This application is a Continuation-in-Part of U.S. patent application Ser. No. 10/163,228 by Silverstein et al. which introduces the concept of in-plane rotation of a wire grid polarization beamsplitter by a fixed amount as a means for polarization compensation. As this rotation enables the wire grid polarization beamsplitter to effectively substitute for an A-plate compensator by providing an equivalent in-plane retardance, the polarization compensator needed by the projector can be simplified. In particular, the fabrication of standard polarization compensators used in such a system can be difficult, as, depending on the compensator design, specific values and orientations of retardance are required, and are assembled from a combination of existing materials. Typically these materials are thin film sheets, such as polycarbonate or acetate, whose optical retardance depends both on material properties and film fabrication methods. Compensators can then be assembled by stacking an appropriate combination of these films between glass plates, with intervening layers of optical adhesive to provide optical index matching. The assembled compensator must be free from both dirt and bubbles, and provide a consistent spatially uniform retardance while under a large heat (light) load. Alternately, a compensation layer with a nominal target retardance can be spun coated directly on a glass substrate, thereby potentially simplifying the construction of the compensator device. However, the construction of compensators that require multiple retardation layers with different properties can still be difficult. Furthermore, the optimum retardance required to correct for the inherent residual birefringence (such as the 0.02 λ's mentioned previously) can vary significantly from device to device. Ideally, but likely impractically, this implies that to maximize contrast from device to device would require matching each LCD with an appropriately optimized compensator. Polarization compensators can also be fabricated by alternate technologies, including crystalline sheets, optical thin films, liquid crystal polymers, and sub-wavelength dielectric form birefringent structures. Nonetheless, providing the equivalent of the A-plate portion of a compensator by means of wire grid polarization beamsplitter polarization rotation can be a significant improvement and cost savings.
In that case, there is then a need to provide a mechanical housing that holds the wire grid polarization beamsplitter in proximity to a liquid crystal display and other nearby polarization components, which further provides for the controlled in-plane rotation of the wire grid polarization beamsplitter, without disturbing other key aspects of its alignment or operation. Commonly-assigned copending U.S. patent application Ser. No. 10/624,346 by Ehrne et al. provides a housing and method for mounting polarization components and a reflective LCD spatial light modulator. In particular, this application provides a mechanical housing or frame that holds a wire grid polarization beamsplitter in position relative to an LCD in a high lumen, high heat load projector, while minimizing thermal distortion and stress birefringence. Among key design considerations discussed in this application are the mounting a wire grid polarizing beamsplitter while maintaining the surface of this component at an accurate 45 degree orientation relative to both the surface of the spatial light modulator and the surface of an analyzer. A related problem that must be resolved in electronic projection apparatus design is alignment of the spatial light modulator itself relative both to the wire grid polarizing beamsplitter and to the projection optical path. Maintaining precision alignment without the negative effects of thermal drift is a key design goal for high-end electronic projection apparatus. This application however does not provide means to mechanically rotate the wire grid polarization beamsplitter by a fixed amount to enable polarization compensation, allowing in-plane rotation without causing undesired constraints, stresses or movements that could effect the wire gird polarization beamsplitter, such as under a high heat load or during the transition from room ambient to high heat load operation.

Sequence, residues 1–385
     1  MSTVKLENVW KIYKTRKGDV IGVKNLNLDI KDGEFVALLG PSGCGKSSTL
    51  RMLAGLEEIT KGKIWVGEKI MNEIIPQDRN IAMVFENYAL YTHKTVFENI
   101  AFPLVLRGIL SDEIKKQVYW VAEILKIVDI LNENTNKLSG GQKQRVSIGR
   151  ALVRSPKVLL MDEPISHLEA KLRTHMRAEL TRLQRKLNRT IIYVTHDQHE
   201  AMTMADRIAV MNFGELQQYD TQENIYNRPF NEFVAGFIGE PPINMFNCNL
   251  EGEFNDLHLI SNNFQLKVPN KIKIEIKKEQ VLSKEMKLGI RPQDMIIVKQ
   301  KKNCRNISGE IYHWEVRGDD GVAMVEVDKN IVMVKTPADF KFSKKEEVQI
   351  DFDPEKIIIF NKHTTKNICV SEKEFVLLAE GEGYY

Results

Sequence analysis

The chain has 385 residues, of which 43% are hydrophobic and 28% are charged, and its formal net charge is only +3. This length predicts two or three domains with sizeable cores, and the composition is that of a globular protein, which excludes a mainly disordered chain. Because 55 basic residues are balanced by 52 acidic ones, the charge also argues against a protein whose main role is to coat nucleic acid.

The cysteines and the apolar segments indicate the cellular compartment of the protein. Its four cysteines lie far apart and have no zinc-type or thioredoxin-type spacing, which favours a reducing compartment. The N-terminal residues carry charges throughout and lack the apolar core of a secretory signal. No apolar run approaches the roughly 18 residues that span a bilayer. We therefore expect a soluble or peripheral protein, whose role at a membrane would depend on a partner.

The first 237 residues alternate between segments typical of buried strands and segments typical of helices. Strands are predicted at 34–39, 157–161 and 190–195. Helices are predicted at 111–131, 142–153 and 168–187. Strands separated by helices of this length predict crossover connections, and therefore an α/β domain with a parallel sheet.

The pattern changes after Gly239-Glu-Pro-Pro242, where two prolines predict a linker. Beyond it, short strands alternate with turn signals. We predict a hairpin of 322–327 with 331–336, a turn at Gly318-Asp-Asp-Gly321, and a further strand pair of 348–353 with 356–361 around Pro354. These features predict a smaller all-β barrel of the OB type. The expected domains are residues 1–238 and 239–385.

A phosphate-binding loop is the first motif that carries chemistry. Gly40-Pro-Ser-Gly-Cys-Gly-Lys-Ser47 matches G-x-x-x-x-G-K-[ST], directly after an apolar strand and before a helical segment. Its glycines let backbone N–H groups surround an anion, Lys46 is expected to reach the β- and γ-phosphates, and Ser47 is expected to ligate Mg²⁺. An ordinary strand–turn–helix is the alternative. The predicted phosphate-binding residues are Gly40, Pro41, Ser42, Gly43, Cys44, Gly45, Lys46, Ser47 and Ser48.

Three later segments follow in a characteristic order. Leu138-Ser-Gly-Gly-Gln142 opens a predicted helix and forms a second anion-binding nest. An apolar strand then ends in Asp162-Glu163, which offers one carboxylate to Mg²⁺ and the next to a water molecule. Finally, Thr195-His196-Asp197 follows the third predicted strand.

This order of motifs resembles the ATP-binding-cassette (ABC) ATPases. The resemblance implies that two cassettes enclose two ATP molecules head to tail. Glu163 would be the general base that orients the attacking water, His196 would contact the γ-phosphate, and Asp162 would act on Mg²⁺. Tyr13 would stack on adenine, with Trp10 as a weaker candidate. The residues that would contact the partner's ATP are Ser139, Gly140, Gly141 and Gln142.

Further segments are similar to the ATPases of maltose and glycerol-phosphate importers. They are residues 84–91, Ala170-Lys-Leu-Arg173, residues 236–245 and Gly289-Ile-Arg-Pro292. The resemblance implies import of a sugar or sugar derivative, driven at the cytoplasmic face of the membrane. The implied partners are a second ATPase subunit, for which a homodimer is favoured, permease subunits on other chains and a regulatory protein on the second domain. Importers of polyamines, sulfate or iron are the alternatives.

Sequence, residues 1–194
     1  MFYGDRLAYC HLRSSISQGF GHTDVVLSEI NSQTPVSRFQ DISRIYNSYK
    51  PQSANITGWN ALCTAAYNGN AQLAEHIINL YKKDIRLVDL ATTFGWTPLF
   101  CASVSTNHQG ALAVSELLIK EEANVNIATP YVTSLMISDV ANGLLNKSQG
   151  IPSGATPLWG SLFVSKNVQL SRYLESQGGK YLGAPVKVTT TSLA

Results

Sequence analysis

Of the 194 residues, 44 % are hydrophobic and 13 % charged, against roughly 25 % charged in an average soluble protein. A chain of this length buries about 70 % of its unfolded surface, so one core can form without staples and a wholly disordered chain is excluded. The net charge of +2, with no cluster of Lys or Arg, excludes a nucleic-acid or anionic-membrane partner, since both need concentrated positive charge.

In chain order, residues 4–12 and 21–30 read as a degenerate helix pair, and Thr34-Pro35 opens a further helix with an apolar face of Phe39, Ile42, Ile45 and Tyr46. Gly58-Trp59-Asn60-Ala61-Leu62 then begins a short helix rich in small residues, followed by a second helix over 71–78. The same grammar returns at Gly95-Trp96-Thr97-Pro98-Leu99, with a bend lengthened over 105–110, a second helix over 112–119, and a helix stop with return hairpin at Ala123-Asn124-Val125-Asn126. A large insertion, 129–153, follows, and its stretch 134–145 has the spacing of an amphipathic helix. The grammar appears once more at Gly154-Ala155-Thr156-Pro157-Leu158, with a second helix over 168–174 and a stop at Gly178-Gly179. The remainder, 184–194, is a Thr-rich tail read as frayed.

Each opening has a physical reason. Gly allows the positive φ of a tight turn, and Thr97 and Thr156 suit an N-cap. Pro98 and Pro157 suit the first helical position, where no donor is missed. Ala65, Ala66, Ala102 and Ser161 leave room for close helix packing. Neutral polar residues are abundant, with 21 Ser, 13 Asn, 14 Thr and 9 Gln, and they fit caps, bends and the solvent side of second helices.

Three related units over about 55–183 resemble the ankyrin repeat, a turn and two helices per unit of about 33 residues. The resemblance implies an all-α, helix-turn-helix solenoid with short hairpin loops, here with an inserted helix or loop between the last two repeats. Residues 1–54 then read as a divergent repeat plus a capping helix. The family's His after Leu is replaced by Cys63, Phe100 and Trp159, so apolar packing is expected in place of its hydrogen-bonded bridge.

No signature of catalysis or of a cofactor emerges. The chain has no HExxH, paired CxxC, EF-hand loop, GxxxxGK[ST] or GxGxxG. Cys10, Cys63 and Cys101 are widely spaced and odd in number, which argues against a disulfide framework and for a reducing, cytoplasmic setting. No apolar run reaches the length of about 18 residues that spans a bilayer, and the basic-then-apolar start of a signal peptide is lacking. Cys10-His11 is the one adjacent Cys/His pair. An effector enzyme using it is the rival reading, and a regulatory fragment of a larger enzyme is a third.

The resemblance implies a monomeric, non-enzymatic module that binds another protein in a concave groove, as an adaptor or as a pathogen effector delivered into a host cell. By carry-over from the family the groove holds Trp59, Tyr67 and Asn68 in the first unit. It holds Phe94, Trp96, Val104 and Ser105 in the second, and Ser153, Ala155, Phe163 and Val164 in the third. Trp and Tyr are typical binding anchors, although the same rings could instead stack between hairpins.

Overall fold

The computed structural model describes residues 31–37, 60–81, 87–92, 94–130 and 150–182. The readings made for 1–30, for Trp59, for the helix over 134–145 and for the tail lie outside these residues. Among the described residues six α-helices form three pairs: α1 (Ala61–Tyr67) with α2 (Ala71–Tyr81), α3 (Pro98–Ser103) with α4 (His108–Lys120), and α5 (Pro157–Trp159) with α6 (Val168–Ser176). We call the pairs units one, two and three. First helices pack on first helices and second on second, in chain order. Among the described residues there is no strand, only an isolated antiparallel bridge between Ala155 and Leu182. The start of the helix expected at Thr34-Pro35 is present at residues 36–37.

Other documents in the art, such as an article in the SID 02 Digest entitled “The Mechanical-Optical Properties of Wire-Grid Type Polarizer in Projection Display System” by G. H. Ho et al., which presents some of the key design considerations for deploying wire grid polarizer components in imaging apparatus using reflective LCD spatial light modulators, do not disclose the need or the mechanical means for rotating a wire grid polarization beamsplitter in-plane. Likewise, U.S. Patent Application Publication No. 2003/0117708 (Kane), which discloses a sealed enclosure comprising of a wire grid polarizing beamsplitter, a spatial light modulator, and a projection lens having the interior space filled with a inert gas or vacuum, also does not consider the need or mechanism for providing controlled in-plane rotation of wire grid polarization beamsplitter as part of a housing design.
Therefore, as can be seen, there is a need for a mechanical housing of an LCD based electronic projector in which controlled in-plane rotation of a wire grid polarization beamsplitter is provided, so as to enable an alternate polarization compensation means.
It is an object of the present invention to provide an apparatus and technique for mounting spatial light modulator and supporting polarization components that is mechanically robust, that allows thermal expansion without degrading image quality, that allows straightforward alignment of components in the light modulation path, and that allows controlled rotation of a wire grid polarization beamsplitter by a fixed amount.